For any Ford fan this is a must read as the Pulitzer Prize winner writes with affection and some humour about his parents Parker Ford and Edna Akin. The memoir was originally written as two essays written decades apart and in their fusion creates one of the most extraordinary depictions of loss in literature. Ford writes first about his father, Parker, a traveling salesman who died in Ford’s arms in 1960 when Ford was 16. He wrote the piece about Edna, his feisty, independent mother shortly after her death in 1981. In the author’s note at the beginning of the memoir Ford acknowledges that writing the two memoirs thirty years apart he has permitted some inconsistencies persist between the two timelines and has allowed himself the lenience to retell certain events.This is a subtle and beautiful testament to devotion and a writer repaying parental love with his exacting prose and ability to animate his parent’s lives. In the afterword to the memoir Ford writes that ” the fact that lives and deaths often go unnoticed has specifically inspired this small book about my parents and set its task” and that ” the chore for the memoir writer is to compose a shape and an economy that gives faithful, reliable, if sometimes drastic, coherence to the many unequal things any life contains.”I had the privilege to hear Richard Ford read from this memoir at Listowel Writer’s Week last month, his voice suffused with emotion and deep south charm inducing a trance like state in the audience where we confronted some of life’s beautiful but painful truths.




Once We Were Sisters by Sheila Kohler published by Canongate.

Once We Were Sisters

South African novelist Sheila Kohler has been haunted by the death of her sister, Maxine, who died a violent death on a spring night at the hands of her abusive husband. This memoir is the author’s attempt to unravel the truth of what happened and sift through the sands of memory to recapture the privilege of their childhood in 1950’s South Africa, a society where colonial gentility co-existed with violence and privilege. This searing illumination of sisterhood starts in 1979 when Kohler hears the news that her brother-in-law, a protege of heart surgeon Christian Barnard, drove off a deserted road and into a lamp-post causing the death of his wife Maxine. When Kohler sees her sister’s face in the morgue she feels guilty about not saving her from a husband they knew to be unspeakably cruel. She soul searches through this memoir and confronts the dark questions that her sister’s death bring to the surface including her own passivity which may have been exacerbated by the misogyny of 1950’s South Africa. This memoir is written in the present tense which reminds us that Kohler’s sister is forever with us and in her stark and delicate prose she captures the sensuous South African childhood of “swimming in the big pool, picking armfuls of bright flowers, gathering oranges and lemons” as well as the heart of darkness that destroyed this paradise.

The Rules Do Not Apply by Ariel Levy

This memoir by New Yorker writer Ariel Levy confronts the notion of having it all. She was riding high in 2012, successful at her chosen career, legally married to a woman and pregnant with her first child. ” Thanksgiving in Mongolia” is the heart -breaking essay that Levy wrote about the miscarriage that happened in a hotel room in Mongolia where she had flown to do a report on the country’s mining boom.Her memoir picks up where the essay leaves off and explores the aftermath of the miscarriage where her marriage fell apart and Levy felt that the Universe had delivered her a karmic blow for dreaming that she could live a life of her choosing. Of her generation, Ms. Levy writes: ” Sometimes our parents were dazzled by the sense of possibility they’s bestowed on us. Other times, they were aghast to recognise their own entitlement, staring back at them magnified in the mirror of their offspring.” This memoir confronts taboos and life-shattering events in self-lacerating detail and ends with a Austenesque happy ending though in typical Levy style she has declared that this is not an ending as she is not dead.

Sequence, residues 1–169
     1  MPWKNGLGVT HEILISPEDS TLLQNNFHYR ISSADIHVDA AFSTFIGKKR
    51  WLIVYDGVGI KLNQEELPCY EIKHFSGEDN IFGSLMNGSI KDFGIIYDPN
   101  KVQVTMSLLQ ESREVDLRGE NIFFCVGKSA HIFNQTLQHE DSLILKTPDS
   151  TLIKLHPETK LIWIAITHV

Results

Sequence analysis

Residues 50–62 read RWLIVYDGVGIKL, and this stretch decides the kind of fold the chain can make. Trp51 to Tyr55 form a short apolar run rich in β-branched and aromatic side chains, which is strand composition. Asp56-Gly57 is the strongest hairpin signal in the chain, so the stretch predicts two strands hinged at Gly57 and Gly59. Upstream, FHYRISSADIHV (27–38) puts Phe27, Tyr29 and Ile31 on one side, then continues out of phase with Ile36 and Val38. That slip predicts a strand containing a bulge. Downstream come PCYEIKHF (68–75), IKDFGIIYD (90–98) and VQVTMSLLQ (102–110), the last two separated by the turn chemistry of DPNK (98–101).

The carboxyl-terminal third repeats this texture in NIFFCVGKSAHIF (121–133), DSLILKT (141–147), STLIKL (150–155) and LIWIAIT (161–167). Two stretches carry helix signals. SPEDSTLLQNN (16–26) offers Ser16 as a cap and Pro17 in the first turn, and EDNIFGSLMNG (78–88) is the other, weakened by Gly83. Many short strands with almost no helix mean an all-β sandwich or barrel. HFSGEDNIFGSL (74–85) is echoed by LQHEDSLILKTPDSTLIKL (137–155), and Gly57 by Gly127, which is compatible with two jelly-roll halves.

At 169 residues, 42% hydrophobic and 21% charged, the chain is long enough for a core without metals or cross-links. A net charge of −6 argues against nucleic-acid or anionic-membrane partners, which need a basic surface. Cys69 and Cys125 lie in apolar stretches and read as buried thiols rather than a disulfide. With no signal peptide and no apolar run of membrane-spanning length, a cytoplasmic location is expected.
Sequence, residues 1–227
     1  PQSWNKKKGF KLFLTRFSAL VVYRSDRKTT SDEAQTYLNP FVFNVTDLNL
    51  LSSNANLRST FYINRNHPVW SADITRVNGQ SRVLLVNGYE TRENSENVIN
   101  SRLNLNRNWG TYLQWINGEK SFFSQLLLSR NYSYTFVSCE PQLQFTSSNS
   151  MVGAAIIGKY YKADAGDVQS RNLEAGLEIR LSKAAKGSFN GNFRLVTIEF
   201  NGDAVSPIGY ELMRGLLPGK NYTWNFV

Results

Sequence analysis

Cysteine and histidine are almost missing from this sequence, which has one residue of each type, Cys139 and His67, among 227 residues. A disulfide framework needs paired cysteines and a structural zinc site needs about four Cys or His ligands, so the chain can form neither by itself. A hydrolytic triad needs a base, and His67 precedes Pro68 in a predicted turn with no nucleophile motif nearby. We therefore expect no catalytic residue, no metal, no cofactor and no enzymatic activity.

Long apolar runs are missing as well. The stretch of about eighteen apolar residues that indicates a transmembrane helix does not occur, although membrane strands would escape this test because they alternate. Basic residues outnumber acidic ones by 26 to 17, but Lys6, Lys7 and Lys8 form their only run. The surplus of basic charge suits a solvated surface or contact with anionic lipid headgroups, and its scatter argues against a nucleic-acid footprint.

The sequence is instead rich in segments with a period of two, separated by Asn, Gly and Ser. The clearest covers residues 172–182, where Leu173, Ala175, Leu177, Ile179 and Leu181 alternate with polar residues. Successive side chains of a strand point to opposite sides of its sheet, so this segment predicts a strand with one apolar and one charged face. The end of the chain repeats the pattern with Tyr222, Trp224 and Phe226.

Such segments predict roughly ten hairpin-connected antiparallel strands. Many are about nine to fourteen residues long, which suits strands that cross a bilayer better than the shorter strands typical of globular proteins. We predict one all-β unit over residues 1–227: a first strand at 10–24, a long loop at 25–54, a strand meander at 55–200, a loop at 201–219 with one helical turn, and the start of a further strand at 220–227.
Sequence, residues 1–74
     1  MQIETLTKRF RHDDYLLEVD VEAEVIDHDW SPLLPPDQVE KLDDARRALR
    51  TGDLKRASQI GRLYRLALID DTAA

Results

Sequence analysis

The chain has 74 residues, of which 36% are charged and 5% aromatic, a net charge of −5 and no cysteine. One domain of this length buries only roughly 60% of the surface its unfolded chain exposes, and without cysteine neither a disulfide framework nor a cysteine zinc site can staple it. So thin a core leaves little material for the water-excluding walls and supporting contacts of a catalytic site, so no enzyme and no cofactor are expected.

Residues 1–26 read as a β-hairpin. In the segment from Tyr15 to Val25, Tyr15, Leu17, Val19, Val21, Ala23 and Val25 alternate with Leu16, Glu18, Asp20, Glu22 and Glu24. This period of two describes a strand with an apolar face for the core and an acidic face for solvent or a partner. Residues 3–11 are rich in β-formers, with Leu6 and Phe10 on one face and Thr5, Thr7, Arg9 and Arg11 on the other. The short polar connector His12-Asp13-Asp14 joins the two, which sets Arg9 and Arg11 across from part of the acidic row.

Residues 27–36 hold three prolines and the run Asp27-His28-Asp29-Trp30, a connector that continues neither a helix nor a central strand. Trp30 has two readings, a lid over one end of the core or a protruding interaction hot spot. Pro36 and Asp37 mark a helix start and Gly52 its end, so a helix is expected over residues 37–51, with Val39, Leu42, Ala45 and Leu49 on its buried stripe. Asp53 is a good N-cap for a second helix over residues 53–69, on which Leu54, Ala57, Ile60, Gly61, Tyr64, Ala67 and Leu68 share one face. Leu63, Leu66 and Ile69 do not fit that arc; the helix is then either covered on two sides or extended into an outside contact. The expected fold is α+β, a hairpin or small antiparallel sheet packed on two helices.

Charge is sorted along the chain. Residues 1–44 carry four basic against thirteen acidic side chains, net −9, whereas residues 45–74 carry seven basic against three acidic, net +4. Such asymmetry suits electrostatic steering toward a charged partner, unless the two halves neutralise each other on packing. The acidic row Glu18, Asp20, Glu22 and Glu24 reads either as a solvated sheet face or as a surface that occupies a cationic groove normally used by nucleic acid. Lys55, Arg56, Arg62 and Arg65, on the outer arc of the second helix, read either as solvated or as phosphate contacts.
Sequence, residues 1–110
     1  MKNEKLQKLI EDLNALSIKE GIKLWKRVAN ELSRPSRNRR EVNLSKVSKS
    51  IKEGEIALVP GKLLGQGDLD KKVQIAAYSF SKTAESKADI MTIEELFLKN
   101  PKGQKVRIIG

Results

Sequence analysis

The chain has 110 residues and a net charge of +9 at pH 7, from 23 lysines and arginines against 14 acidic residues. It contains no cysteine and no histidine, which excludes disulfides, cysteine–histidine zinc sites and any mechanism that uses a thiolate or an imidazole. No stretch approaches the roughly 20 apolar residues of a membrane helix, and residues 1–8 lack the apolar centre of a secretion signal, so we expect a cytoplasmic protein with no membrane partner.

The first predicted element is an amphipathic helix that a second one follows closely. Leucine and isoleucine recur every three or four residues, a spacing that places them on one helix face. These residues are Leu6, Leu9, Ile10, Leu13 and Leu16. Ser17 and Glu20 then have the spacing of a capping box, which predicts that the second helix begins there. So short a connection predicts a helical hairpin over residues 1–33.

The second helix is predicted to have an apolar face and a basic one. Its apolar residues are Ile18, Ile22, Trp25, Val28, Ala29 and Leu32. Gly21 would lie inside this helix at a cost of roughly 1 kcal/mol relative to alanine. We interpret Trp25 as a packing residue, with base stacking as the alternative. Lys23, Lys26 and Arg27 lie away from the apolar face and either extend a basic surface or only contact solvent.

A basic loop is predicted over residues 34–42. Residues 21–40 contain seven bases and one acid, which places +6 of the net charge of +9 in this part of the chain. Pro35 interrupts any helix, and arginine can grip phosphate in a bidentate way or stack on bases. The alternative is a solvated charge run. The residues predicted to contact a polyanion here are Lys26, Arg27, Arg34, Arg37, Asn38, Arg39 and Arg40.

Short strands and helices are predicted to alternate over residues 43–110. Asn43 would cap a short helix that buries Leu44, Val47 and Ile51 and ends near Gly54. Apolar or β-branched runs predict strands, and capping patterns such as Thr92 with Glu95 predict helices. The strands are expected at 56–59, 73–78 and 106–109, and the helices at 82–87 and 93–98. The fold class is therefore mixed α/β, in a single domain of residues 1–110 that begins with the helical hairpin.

The Age of Anxiety

Daniel Smith, author of Monkey Mind, writes that everyone has it, everyone must deal with it. “Anxiety compels a person to think, but it is the type of thinking that gives thinking a bad name; solipsistic, self-eviscerating, unremitting, vicious”.

WH Auden published the book-length poem, The Age of Anxiety, in 1947 and it immediately struck a cultural chord. The piece begins as a conversation among four strangers in a New York barroom on Third Avenue and is the poet’s method of analysing Western culture during the second World War. The Age of Anxiety won a Pulitzer Prize and also inspired a symphony by Leonard Bernstein. Auden’s title The Age of Anxiety has been ubiquitous for more than six decades. From the moment it appeared, the phrase has been used to characterise the consciousness of our era, the awareness of everything perilous about the modern world: environmental issues, global warming, nuclear energy, religious fundamentalism, violence, terrorism, economic calamity. Anaïs Nin wrote that “Anxiety… makes others feel as you might when a drowning man holds onto you”. Kierkegaard compared anxiety to a type of spiritual dizziness, afflicting “he whose eyes happens to look down the yawning abyss.” In his poem No Worst, There is None, Gerard Manley Hopkins describes a mind jagged with anxiety: